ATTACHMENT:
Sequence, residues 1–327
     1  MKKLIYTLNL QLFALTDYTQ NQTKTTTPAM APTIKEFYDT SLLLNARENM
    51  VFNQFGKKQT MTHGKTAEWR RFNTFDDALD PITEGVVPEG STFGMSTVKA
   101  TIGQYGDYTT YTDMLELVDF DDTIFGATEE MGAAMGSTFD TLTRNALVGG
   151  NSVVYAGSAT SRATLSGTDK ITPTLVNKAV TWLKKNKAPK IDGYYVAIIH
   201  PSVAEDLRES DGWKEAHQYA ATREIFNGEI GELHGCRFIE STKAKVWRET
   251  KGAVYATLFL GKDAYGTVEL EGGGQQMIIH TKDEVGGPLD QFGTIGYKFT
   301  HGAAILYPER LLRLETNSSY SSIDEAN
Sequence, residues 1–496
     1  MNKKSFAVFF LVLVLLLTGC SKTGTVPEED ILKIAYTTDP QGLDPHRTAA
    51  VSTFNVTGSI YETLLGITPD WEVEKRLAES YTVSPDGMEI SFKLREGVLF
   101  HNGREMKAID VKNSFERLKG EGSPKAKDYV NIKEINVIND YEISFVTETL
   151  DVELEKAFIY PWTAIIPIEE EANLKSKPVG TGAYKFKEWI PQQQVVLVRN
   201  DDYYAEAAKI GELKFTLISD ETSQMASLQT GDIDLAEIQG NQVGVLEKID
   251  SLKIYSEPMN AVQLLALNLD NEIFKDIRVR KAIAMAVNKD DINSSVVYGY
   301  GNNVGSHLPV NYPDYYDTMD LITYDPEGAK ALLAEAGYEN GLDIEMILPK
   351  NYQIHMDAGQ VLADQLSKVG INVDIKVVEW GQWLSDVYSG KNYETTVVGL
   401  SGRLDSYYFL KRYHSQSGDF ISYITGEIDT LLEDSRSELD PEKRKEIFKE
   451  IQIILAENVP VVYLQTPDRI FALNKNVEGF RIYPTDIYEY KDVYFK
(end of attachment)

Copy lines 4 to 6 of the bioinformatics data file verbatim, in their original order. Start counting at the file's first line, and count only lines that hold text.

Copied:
   101  TIGQYGDYTT YTDMLELVDF DDTIFGATEE MGAAMGSTFD TLTRNALVGG
   151  NSVVYAGSAT SRATLSGTDK ITPTLVNKAV TWLKKNKAPK IDGYYVAIIH
   201  PSVAEDLRES DGWKEAHQYA ATREIFNGEI GELHGCRFIE STKAKVWRET